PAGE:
In Yates v. Pitman Mfg., Inc., the court observed that "[a]n affirmation of fact is presumed to be a part of the bargain, and any fact that would remove such affirmation out of the agreement requires clear affirmative proof.' Additionally, a plaintiff is not required to show that he relied upon the affirmation in order to recover under an express warranty claim." 257 Va. 601, 606 (1999) (quoting Daughtrey v. Ashe, 243 Va. 73, 78 (1992)). The court in Yates further held that "[manufacturer's] affirmation of fact created an express warranty that applied to Yates even though he was not the purchaser of the crane unit." Yates, 257 Va. at 606.

It is well settled in the Fourth Circuit that in considering a motion to dismiss under Rule 12(b)(6), a plaintiff's well pleaded allegations are taken as true and the complaint is viewed in the light most favorable to the plaintiff. T. G. Slater & Son v. Donald P. & Patricia A. Brennan LLC, 385 F.3d 836, 841 (2004). It is equally well established that legal conclusions are entitled to minimal weight. Iqbal, 556 U.S. at 678. It is often difficult during the context-specific analysis of a complaint to distinguish factual allegations from legal conclusions. In the immediate case, Count Four clearly states an alleged affirmation of fact which, if proven, could plausibly form the basis of an express warranty. Furthermore, viewing the Complaint in the light most favorable to Plaintiff, a court could conclude that one or both of the Defendants sold the adjustable folding cane to Plaintiff. While the factual basis supporting Count Four is reed thin, it appears to state a sufficiently plausible claim to survive this stage of the proceedings.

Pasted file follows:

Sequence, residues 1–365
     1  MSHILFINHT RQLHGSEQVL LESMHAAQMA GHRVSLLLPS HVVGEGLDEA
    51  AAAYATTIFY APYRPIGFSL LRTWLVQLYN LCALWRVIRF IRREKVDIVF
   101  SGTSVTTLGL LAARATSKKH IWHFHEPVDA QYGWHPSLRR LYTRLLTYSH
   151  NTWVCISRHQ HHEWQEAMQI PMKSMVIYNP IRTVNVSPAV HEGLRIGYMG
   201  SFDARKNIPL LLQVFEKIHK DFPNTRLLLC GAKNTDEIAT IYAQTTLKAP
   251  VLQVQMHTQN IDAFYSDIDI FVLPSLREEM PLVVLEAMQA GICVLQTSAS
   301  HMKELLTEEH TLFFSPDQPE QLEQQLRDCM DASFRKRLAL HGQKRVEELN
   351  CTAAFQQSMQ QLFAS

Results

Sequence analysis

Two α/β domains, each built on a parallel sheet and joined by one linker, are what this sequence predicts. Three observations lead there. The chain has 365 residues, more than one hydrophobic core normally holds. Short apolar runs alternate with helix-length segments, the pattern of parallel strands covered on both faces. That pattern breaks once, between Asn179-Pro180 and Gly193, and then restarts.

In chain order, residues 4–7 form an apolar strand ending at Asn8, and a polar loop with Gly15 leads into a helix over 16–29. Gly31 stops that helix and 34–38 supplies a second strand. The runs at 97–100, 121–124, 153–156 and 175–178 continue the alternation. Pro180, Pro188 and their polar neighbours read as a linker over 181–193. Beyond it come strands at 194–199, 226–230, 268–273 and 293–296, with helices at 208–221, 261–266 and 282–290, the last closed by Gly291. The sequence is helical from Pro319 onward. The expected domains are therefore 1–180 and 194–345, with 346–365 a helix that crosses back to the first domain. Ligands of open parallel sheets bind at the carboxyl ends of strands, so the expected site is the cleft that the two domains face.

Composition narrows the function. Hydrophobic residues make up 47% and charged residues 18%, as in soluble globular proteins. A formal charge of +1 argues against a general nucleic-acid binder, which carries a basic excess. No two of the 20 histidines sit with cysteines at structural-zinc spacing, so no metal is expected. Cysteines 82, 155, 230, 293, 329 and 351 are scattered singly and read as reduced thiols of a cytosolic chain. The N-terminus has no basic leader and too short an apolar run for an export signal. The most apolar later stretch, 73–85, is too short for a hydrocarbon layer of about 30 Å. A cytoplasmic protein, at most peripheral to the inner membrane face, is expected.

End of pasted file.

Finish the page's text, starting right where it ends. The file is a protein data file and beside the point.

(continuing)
Based on the foregoing analysis, Defendant Amerimark's Motion to Dismiss will be GRANTED as to Counts One, Two, and Three. Defendant Jobar's Partial Motion to Dismiss will also be GRANTED as to Count Three. Counts One, Two, and Three will therefore be DISMISSED WITHOUT PREJUDICE.

Although counsel's crafting of the Complaint in this case is the quintessence of minimalist pleading, the Defendants' Motions to Dismiss Count Four will be DENIED.

An appropriate Order will accompany this Memorandum Opinion.